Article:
Manage classical music on iTunes? Apple thinks you can…

Manage classical music on iTunes? Apple thinks you can…


norman lebrecht

August 10, 2015

Most of us know that downloading classical works from iTunes is a hopeless pursuit. The system breaks everything into ‘tracks’, making it impossible to hear a symphony undisturbed and in the intended movement order.

Macworld has just published a few tips on making classics more accessible on iTunes. You may find it helpful.

Click here.

exam student headphones


  • Peter says:

    Your first paragraph is completely wrong. iTunes is perfectly capable of playing symphonies without interruption, be they acquired from ripping CDs or purchased from iTune store, and in the right order. It copes perfectly with symphonies, operas and other works which may be broken into tracks but are in fact continuous. Aside from the display changing, there is no interruption to the playback at all. True, this was an issue some considerable number of years ago, but has been ‘fixed’ for a long while now.

  • Jonathan M. Dunsby says:

    ==downloading classical works from iTunes is a hopeless pursuit.

    Yes – it was in the early days, but there are ways around the problems now

  • La Donna del Largo says:

    “Ten years ago, when I wrote an article about ripping classical CDs, iTunes didn’t yet play music without gaps between tracks. . . . At the time, I recommended ripping entire CDs in single files, but there’s little reason to do that now.”

    Do you even read the articles you link to?

  • Kirk McElhearn says:


    Thanks for linking to my article. I wish you had read it; as a commenter above points out, iTunes has played gapless for a long time.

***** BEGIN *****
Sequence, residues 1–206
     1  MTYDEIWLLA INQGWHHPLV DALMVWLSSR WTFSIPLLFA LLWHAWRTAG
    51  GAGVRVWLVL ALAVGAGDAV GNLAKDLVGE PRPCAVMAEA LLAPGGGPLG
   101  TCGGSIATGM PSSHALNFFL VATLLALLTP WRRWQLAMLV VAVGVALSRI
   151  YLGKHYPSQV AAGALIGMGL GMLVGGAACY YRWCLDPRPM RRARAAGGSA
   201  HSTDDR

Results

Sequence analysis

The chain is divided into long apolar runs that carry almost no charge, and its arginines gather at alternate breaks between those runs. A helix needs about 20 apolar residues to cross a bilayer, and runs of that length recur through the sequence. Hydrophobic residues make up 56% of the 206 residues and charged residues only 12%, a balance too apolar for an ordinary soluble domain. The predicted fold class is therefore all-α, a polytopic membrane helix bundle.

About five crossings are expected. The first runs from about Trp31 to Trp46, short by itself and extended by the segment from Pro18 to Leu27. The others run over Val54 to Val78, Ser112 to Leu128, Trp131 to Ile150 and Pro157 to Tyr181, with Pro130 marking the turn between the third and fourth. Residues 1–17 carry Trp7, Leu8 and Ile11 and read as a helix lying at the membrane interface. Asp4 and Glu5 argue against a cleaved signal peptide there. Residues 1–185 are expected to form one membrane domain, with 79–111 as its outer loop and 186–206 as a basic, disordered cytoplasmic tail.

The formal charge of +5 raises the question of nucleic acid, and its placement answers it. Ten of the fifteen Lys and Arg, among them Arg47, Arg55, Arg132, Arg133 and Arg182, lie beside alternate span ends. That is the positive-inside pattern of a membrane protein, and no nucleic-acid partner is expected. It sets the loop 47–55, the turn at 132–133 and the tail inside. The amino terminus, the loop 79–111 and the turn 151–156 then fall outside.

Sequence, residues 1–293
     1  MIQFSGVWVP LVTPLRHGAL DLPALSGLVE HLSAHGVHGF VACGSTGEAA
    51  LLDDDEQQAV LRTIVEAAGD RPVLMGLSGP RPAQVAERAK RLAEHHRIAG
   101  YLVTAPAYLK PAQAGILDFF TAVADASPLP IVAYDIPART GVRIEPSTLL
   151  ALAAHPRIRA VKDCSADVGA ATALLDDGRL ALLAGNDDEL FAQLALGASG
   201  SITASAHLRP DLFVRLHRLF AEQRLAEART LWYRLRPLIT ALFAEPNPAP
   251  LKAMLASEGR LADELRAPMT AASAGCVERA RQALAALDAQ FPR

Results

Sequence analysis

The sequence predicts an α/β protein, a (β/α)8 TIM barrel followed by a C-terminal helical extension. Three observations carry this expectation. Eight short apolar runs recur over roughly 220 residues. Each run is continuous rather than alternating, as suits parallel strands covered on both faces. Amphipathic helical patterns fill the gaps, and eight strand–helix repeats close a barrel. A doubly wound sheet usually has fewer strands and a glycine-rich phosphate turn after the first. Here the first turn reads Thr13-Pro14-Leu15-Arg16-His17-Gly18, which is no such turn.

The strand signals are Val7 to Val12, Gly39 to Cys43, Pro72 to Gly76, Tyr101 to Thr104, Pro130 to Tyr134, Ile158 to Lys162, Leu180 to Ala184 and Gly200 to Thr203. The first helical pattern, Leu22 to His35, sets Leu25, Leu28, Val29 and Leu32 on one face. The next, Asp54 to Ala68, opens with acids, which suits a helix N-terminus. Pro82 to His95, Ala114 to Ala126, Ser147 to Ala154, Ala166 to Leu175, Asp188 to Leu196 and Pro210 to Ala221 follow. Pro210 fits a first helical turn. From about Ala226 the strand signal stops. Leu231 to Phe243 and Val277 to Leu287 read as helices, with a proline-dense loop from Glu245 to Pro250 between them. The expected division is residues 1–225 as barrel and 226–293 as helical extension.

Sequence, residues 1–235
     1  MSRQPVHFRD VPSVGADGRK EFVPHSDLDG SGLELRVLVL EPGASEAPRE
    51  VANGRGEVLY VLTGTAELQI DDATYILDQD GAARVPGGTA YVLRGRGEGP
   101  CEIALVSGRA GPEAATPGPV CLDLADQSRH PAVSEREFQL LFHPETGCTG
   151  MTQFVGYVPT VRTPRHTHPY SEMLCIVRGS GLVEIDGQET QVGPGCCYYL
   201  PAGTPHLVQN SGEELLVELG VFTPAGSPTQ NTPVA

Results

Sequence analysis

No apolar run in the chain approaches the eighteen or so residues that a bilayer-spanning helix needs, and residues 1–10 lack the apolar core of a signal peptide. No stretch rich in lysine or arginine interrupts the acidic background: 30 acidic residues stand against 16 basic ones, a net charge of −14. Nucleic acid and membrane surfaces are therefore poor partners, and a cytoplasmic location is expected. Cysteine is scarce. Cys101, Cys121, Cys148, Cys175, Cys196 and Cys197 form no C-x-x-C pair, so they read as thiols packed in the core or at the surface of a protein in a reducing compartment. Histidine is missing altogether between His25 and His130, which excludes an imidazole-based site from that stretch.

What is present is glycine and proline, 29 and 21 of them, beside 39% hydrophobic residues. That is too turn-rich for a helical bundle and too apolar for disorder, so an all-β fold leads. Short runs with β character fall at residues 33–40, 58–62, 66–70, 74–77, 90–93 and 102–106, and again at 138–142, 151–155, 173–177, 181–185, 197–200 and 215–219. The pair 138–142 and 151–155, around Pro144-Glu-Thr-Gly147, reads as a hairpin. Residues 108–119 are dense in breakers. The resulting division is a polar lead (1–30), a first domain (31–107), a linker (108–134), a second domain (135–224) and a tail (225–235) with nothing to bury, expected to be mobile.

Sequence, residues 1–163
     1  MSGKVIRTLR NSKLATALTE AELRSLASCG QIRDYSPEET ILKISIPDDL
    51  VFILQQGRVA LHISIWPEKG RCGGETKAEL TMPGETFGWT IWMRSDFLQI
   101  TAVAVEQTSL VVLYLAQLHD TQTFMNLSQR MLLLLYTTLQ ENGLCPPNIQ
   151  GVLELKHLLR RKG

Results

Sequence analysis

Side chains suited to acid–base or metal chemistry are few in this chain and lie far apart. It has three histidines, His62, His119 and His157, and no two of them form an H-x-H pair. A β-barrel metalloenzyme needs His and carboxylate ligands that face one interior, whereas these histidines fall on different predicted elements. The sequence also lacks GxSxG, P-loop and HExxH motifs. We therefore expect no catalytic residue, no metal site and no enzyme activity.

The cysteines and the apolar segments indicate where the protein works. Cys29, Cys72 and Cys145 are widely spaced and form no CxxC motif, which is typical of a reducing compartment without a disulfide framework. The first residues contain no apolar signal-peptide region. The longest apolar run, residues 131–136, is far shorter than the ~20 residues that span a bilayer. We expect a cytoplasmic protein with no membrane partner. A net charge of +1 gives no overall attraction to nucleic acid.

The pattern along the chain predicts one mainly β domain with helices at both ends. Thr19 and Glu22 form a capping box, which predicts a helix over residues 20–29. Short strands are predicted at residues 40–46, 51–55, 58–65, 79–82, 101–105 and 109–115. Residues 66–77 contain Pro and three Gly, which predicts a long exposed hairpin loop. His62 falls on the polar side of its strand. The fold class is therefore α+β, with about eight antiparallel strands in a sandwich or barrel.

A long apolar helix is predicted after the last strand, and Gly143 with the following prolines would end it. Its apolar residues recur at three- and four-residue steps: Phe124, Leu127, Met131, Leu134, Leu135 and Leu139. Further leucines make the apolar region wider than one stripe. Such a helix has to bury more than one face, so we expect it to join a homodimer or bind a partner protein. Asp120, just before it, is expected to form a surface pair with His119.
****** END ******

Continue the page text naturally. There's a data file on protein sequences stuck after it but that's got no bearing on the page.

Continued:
I have a feeling you don’t understand much about how iTunes works. I’m sorry to hear that. While it’s not perfect for classical music – and my Macworld article that you link to points out the shortcomings – it’s not because of the music itself, but rather the tags, or metadata, which isn’t as practical for classical music.

    But it is not hopeless. Far from it. It just requires some adaptation.

  • Jon says:

    Indeed, what is hopeless is to continue monitoring how many classical music CDs have been sold each month, when many listeners use streaming services to consume dozens of “albums” every day.

  • Jerry says:

    If this link hasn’t already been posted:!/story/can-apple-music-find-harmony-classical-music-fans/
    a lively audio discussion on the new media from the classical perspective.

    I have no way to check whether iTunes have improved their metadata categories
    to an acceptable level, but if there is only one ARTIST field available, how does
    one code something like the Verdi Requiem with ARTIST=

    Vienna State Opera Chorus
    Vienna Philharmonic

  • Jon says:

    Labeling and tagging is always a challenge! But not only for classical music, for any type of information.

    Services like iTunes and Spotify have been designed for the mainstream music consumer for whom a single string is enough to tag the artist in a track.

    For advanced consumers (such as the classical music consumer that reads slippedisc, but also specialized pop, rock, jazz… music consumers) a single string wouldn’t be enough and more advanced tools need to be made available.

    For example, I would like to have several fields to tag the artists in a recording, so that I can find other recordings that include one of those artists. Something that would be more difficult with a single string.